The development of a non-lethal diagnostic tool for the diagnosis of Ichthyophonus hoferi  
Nicholas Nicolle*, Dr Georgina Cole, Dr Kevin Christison, Mariska Laubscher
 
*Biodiversity and Conservation Biology
University of the Western Cape
Private Bag X17 Bellville
7535
South Africa
nicholas.nicolle@aquarium.co.za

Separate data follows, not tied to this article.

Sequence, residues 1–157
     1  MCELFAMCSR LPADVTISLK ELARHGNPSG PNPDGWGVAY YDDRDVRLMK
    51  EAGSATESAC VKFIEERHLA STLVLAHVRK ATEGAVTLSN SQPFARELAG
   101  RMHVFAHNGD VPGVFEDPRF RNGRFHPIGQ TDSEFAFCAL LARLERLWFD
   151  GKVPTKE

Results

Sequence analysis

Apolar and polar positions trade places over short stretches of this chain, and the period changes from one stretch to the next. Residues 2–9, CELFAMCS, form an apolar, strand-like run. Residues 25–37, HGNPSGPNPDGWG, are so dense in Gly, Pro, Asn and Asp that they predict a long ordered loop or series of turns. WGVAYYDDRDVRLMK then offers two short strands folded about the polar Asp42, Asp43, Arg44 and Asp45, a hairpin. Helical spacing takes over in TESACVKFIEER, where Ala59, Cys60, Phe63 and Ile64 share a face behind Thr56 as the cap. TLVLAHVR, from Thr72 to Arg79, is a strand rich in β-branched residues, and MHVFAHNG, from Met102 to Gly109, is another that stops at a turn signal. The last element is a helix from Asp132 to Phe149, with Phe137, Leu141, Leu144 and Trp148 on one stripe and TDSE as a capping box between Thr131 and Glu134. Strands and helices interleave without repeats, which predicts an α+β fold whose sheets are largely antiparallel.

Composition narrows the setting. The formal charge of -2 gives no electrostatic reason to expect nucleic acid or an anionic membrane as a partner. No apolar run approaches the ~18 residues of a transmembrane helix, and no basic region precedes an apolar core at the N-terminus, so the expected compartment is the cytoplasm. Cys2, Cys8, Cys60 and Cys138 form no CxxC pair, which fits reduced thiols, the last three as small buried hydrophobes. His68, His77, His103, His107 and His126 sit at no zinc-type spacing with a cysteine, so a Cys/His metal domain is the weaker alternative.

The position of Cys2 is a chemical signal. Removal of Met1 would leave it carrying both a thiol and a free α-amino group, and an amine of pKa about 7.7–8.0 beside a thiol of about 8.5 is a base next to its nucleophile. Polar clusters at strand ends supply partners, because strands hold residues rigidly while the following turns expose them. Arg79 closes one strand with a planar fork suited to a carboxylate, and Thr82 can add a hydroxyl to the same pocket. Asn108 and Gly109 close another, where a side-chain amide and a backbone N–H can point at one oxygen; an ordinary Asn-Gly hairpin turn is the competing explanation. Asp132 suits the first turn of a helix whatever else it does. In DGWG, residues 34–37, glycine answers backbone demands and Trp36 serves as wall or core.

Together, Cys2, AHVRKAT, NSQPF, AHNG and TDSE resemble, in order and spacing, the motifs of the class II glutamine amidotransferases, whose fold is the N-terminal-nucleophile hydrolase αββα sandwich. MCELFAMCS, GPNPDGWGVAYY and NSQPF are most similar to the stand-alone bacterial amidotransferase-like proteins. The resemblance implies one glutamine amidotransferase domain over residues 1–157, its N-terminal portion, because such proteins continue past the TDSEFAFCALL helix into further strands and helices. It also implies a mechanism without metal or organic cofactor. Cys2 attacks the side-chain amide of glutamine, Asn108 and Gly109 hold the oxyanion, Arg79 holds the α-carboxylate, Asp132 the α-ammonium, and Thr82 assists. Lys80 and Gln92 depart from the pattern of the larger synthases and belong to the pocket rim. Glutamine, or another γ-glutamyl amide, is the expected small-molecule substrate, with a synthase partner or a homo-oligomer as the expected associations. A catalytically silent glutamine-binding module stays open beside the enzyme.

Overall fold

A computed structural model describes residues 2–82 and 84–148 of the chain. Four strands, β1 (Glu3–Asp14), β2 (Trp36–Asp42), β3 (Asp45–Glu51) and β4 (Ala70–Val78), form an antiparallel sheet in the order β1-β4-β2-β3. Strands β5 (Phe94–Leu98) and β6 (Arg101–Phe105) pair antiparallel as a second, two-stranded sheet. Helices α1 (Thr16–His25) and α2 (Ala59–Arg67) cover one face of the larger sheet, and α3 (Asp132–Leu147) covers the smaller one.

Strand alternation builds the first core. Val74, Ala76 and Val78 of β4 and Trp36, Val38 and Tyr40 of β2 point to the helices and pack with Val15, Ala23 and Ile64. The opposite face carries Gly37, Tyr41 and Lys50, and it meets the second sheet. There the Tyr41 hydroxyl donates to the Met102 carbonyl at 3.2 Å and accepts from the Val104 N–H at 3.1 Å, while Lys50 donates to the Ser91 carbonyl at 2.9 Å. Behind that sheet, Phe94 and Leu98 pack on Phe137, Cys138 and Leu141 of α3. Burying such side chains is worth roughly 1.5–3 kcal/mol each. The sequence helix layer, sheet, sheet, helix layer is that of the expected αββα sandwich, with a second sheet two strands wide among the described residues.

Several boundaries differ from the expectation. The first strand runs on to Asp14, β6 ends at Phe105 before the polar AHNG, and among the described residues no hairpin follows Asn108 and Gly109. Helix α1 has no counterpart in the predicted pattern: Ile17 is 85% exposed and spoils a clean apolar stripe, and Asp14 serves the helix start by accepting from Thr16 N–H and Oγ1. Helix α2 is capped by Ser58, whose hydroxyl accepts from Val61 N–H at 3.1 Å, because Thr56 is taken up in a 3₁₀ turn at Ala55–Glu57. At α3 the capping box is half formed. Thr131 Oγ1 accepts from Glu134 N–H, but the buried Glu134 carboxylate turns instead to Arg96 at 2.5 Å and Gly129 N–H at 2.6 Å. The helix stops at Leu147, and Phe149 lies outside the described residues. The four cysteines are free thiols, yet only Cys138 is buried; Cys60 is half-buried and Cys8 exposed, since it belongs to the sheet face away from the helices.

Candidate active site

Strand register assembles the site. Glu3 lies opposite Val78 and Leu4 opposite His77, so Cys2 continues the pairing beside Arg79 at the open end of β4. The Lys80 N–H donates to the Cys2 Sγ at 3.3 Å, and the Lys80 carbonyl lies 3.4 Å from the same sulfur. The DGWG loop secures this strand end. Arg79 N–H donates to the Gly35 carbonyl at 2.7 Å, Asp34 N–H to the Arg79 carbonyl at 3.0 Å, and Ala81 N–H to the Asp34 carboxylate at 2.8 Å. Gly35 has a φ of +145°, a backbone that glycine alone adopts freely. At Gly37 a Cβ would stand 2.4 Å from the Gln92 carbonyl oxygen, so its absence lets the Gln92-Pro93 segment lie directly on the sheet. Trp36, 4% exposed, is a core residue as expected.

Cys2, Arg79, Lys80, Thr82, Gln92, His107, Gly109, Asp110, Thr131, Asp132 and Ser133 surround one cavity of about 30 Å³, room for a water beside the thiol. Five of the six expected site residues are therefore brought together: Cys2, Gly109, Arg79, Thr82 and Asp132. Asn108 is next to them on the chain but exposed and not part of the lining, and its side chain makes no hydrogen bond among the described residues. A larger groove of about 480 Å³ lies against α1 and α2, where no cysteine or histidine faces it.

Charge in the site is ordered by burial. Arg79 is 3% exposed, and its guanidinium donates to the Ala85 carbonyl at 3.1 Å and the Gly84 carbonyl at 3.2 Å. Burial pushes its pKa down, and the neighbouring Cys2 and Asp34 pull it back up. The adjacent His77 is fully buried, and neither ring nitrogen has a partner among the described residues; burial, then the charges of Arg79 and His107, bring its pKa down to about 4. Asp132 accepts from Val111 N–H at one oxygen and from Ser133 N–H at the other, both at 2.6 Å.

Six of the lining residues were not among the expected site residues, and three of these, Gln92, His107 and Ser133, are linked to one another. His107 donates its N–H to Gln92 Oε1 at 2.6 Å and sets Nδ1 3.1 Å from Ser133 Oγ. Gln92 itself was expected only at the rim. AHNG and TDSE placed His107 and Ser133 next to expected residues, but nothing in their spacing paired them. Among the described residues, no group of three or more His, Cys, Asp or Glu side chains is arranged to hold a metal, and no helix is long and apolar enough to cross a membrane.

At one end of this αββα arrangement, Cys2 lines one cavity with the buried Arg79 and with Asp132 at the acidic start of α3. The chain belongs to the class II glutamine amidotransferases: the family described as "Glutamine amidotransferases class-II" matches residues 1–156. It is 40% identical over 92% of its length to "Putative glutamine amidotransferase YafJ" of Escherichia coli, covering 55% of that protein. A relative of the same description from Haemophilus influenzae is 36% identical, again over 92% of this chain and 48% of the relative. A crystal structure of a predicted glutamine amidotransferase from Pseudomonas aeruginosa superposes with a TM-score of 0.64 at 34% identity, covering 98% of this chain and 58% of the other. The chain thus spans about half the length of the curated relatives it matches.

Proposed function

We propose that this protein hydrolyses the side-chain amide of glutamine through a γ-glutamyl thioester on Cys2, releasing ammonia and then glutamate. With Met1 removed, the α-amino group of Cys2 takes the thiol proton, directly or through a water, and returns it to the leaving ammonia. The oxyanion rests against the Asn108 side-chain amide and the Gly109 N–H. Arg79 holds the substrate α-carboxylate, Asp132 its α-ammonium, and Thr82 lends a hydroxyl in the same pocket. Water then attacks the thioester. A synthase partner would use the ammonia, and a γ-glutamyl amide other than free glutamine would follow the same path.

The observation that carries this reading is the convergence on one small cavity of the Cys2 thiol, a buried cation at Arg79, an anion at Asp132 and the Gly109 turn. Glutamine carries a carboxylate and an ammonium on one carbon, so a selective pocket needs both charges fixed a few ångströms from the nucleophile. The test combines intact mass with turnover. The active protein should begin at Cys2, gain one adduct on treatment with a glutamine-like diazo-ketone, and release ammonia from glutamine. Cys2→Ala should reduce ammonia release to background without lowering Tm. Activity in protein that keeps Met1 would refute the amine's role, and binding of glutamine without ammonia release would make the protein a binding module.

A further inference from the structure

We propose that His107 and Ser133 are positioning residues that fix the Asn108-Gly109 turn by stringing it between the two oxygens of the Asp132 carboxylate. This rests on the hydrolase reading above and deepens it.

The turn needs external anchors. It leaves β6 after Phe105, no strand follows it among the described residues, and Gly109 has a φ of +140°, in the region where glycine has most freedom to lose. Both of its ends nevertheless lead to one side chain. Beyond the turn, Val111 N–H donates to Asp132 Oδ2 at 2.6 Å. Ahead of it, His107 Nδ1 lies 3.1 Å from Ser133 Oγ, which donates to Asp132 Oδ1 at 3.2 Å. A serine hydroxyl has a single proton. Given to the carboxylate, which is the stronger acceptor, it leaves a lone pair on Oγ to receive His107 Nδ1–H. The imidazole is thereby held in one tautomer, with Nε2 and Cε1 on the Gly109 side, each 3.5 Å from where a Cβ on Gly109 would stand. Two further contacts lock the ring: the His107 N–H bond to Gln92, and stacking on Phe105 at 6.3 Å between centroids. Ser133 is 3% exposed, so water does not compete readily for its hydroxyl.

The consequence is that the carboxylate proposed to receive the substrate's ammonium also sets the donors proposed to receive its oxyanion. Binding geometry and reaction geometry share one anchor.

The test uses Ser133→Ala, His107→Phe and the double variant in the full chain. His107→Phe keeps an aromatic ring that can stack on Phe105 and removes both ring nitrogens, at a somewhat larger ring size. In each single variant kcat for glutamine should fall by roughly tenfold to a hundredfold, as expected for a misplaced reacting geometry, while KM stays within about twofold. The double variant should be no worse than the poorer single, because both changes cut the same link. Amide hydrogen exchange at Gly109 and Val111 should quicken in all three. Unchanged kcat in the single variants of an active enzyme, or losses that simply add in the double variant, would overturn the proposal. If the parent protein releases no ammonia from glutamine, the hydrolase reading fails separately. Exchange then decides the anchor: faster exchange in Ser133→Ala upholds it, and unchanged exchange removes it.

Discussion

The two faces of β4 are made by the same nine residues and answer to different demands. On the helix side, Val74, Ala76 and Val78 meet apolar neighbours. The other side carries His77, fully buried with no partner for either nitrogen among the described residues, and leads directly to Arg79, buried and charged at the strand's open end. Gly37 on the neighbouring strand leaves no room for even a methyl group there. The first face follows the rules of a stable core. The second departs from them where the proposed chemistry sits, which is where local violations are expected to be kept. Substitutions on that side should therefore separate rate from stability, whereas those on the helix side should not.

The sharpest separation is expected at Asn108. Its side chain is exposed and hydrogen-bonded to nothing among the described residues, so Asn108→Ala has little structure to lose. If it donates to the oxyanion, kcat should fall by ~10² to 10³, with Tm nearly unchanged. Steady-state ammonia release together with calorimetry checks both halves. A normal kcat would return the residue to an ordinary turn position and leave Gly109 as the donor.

Ichthyophonus hoferi has been diagnosed at the Two Oceans Aquarium. Ichthyophonus is a mesomycetozoan parasite that multiplies in blood rich organs in the fish host causing a wide range of clinical signs relating to organ dysfunction. Ichthyophonus can be diagnosed from microscopic examination of tissue squash prep, culture or PCR. In the literature only lethal methods of diagnosis are described. The development of a non-lethal diagnostic tool for disease monitoring is vital for collections where sacrifice of specimens is not possible. Liver biopsies were obtained from (n=30) White Stumpnose (Rhabdosargus globiceps) comparing two surgical methods, coeliotomy (n=15) and coelioscopy, (n=15), ten fish used in a control group. Biopsy material for each fish was divided into three pieces for squash preparation examination, PCR and culture. All fish were monitored for43 days post-surgery and blood samples drawn at two week intervals. After 43 days fish were euthanized for full examination of the liver, kidney, spleen and heart allowing correct assignment to one of two groups; Ichthyophonus infected fish and non-infected fish. PCR and culture of liver tissue was also performed. Preliminary results show a 64% sensitivity of the wet mount biopsy and a 38% sensitivity of biopsy in culture with a100% specificity for both. Wet mount and culture of the biopsy showed a sensitivity of 81%. Final post mortem on all organs showed 25 fish to be positive for Ichthyophonus. 5 fish were negative for Ichthyophonus in all diagnoses. Coelioscopy was less invasive and caused fewer organ adhesions than coeliotomy.